First Juror Picked for Philly Mafia Trial; Dead Informant's Recordings to Debut

"Uncle Joe" is acting boss of the Philly mob, a rat's
wiretaps reveal; Merlino is still the boss.

REVISED, UPDATED: The first anonymous juror --  a former Teamsters member who was a crime victim in her teens -- was selected for the big upcoming Philadelphia mob trial  resulting from an extensive FBI investigation involving alleged mob activity that occurred after boss Joey Merlino went to prison in 1999.

Prosecutors say acting boss Joseph "Uncle Joe" Ligambi, an old-school Mafioso known for being a peaceful, reasonable man less prone to violence, has led Philadelphia's La Cosa Nostra since then. Bolstering the prosecution's case will be tape recordings made of Ligambi by an informant who has since died by his own hand. These recordings also convinced the Feds that Merlino was still top dog, and that Ligambi was serving as boss on an "acting" basis.

[Editor's Note: The Philly mob is set for the trial of its very  life just as word hit last week that the reality show "Mob Wives" has chosen Philly -- as well as Miami -- as the next venues for extensions of the show, though it is not known if one or both cities will start filming, or when filming will begin.]

According to Philly mob expert George Anastasia, writing on "Unlike his predecessor, the flamboyant Joseph 'Skinny Joey' Merlino, Ligambi, 73, seldom spoke to the media, avoided public displays of bravado, and preferred to spend his nights at home rather than in bars and nightclubs.
Nicky Skins shot himself dead.

"But secretly recorded conversations from a mob meeting at a New Jersey restaurant two years ago offer a rare opportunity to listen in as Ligambi breaks bread in a gossip-filled gabfest with several other mobsters."

Anastasia continued: "A federal judge ruled last week that most of those conversations can be used as evidence in the racketeering trial of Ligambi and seven others scheduled for October.

"A federal prosecutor has likened the restaurant session [at La Griglia] to a meeting of the board of directors of organized crime..."

Overall the case mostly involves illegal gambling and loansharking in Pennsylvania and New Jersey, and there's little violence alleged.

The 73-year-old Ligambi and several co-defendants have pleaded not guilty, while others have pleaded guilty but don't have to testify against their associates.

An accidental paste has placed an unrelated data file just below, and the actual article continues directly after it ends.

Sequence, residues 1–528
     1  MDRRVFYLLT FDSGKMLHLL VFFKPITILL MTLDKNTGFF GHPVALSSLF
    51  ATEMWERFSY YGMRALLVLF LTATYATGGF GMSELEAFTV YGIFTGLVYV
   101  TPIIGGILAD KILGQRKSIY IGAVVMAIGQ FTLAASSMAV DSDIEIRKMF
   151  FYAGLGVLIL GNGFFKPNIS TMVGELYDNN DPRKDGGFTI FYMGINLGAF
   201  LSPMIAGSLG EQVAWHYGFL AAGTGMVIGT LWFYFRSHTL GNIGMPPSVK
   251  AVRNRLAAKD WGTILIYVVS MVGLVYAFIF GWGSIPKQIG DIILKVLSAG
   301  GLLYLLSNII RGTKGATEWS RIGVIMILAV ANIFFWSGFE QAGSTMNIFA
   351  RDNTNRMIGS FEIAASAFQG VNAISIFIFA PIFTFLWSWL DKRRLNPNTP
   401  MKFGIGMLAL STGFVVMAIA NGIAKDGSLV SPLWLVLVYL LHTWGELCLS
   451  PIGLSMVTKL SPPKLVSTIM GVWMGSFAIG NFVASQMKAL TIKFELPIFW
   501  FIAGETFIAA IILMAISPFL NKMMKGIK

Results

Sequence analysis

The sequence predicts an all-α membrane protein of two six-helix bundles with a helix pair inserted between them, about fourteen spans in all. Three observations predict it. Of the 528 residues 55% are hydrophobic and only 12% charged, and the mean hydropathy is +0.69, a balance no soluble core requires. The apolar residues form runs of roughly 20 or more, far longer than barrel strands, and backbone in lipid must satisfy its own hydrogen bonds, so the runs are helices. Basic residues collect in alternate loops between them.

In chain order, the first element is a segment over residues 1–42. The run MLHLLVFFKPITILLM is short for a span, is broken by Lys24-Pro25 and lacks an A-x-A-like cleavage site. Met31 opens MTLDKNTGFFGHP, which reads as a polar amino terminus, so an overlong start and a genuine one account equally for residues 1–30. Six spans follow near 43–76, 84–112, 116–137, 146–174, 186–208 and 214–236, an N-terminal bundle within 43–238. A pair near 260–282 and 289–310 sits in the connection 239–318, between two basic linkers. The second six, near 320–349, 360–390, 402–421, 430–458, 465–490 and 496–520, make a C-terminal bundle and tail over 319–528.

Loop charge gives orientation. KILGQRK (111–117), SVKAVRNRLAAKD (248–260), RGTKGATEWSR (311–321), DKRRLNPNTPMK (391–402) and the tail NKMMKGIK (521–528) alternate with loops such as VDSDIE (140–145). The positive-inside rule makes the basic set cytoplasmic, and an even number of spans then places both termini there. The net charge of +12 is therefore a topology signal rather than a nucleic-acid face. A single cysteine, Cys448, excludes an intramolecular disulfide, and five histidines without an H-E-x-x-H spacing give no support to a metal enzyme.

Ligambi is also accused of defrauding the Teamsters by getting health benefits through a no-show job.

Jurors will remain anonymous and be brought to court from a remote location to enhance their security.

Joseph Anthony "Uncle Joe" Ligambi (born August 9, 1939) is known to have a more "old school" management approach, especially compared to his predecessor, Joseph Merlino, who preferred the flamboyant, Gotti-esque style.

As we noted in another post, Ligambi is credited with quietly stabilizing the formerly troubled Philadelphia-South Jersey branch of La Cosa Nostra.

The New York Mafia families are pleased with Ligambi, who successfully brought the Philadelphia borgata back from near extinction.

Known as "a quietly powerful group," the Philly Mafia crews reportedly consist of about 60 made men

Ligambi's laid back manner may owe something to the deadly volatility he faced back when he was an up-and-comer in the Philly mob.

Ligambi was inducted into the Philadelphia crime family in 1986 at the age of 47. The diminutive, but powerful and violent Nicodemo Scarfo was boss around that time after seizing the reins following the killing of longtime don Angelo Bruno.

Ligambi in those days was an associate of the Merlino brothers, who were close friends of Scarfo.

The damning taped evidence against Ligambi and other Philly mobsters was made in May 2010 by then-cooperating witness Nicholas "Nicky Skins" Stefanelli. Ligambi and several associates lunched that afternoon with high-ranking members of the Gambino family, authorities allege.

Stefanelli committed suicide earlier this year, as we reported; a guilt-ridden man, he decided to eat a bullet instead of testifying for the Feds; however, the North Jersey mobster had already done the damage: he had begun cooperating in 2009 and had recorded dozens of conversations along the East Coast for about two years, Anastasia reported. 

Back at the Philly-Gambinos lunch while Ligambi was letting his hair down, the informant was wearing a body wire for the FBI recording every word.

The Ligambi trial will be the first at which Stefanelli tapes will be introduced as evidence. The tapes include conversations from the mob lunch meeting with the Gambinos and from another meeting.

Merlino was a major topic of discussion at the lunch meeting; at the time he was in jail finishing a 14-year sentence.

"Authorities now contend that based on these secretly recorded conversations, Merlino is still the boss of the Philadelphia mob, even though he has settled in Florida," Anastasia reported.

This makes Ligambi acting boss.